Bill Morris in Bricks & Bucks on June 20, 2018
The Hearth House co-op in the East Village was in an uncomfortable but all-too-familiar bind. The building needed major work, but the reserve fund was anemic and the shareholders, mostly young professionals with children, had pockets that went only so deep.
Some of the seven board members began promoting a transfer fee – also known as a flip tax – which would replenish the reserve fund by pocketing 2 percent of the proceeds every time an apartment got sold. But a couple of board members were thinking about selling their apartments, and they were, predictably, less than thrilled with the idea. It got voted down.
But the need for $600,000 worth of repairs – to the roof, several balconies, and the six-story building’s leaky brick envelope – didn’t vanish. “We continued to explore ways to raise money, but there were no viable options,” says board president Loree Lash, noting that the co-op was locked into a mortgage that it could not refinance. “We didn’t want to raise maintenance because it was already substantial. We had imposed a couple of assessments. Some of us on the board still felt a flip tax was a viable way to raise money without burdening the shareholders. People have spent years enjoying the building, and we felt it was reasonable to ask them, on exiting, to leave some equity behind.”
How could the board persuade the required two-thirds majority of the 16 shareholders?
“We decided to propose grandfathering in a flip tax at a lower rate,” Lash says.
“They agreed to give people one year to sell without a flip tax,” adds the co-op’s property manager, Jeffrey Weber, president of Weber-Farhat Realty Management. “After one year there would be a 1 percent flip tax, and after two years it would go up to 1.5 percent. I think it was an excellent idea. For people who oppose a flip tax, it’s usually personal – they’re thinking about selling their apartment. Giving them a year to sell without a penalty overcomes another typical objection – ‘When I bought my apartment, there was no flip tax. This isn’t fair.’ The phase-in gave them the chance to sell.”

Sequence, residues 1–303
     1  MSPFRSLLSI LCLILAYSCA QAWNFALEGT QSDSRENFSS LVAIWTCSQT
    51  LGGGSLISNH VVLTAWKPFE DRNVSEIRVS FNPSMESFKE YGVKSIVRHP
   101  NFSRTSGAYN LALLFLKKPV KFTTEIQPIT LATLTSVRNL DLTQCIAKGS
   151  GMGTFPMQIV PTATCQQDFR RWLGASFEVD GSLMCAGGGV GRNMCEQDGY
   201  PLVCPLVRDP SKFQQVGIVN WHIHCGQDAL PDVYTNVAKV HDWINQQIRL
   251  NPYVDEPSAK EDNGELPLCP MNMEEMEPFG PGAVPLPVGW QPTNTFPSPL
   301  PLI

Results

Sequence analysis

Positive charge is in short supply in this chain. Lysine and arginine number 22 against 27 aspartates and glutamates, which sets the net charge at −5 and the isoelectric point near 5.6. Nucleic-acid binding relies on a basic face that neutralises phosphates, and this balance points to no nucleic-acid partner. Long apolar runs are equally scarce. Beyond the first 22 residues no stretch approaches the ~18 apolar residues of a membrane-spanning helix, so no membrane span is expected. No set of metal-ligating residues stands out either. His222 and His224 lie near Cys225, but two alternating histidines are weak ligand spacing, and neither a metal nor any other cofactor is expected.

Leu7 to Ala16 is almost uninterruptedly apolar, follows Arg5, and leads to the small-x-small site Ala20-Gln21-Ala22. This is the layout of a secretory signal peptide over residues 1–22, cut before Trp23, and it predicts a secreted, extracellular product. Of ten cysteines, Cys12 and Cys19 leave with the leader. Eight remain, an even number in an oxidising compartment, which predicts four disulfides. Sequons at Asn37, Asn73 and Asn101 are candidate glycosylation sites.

The handful of apartment sales that have been completed since the institution of the flip tax brought in some welcome cash, but they were not a panacea for this co-op. (The building also has two commercial condo units.) The board was finally able to refinance the mortgage in 2014, which included a $500,000 line of credit that proved crucial to fixing the roof, balconies, and leaky envelope.
Even if the 1.5 percent flip tax is not a magic bullet, Lash is glad to have it in place. “Costs keep going up,” she says, “and you’re either going to have to keep raising maintenance or find an alternative source of funding. A flip tax used to be a deterrent to keep people from flipping apartments, but now it’s a way for boards to get needed money. For us, it’s just one of the rules. People factor it into the asking price when they sell apartments. It’s not really an issue.”
For co-op and condo boards, nothing is certain but rising costs and taxes. The Hearth House’s elevator, for instance, is beginning to show its age. Lash says the flip tax helps the board prepare for the inevitable: “It softens the blows when they come.”
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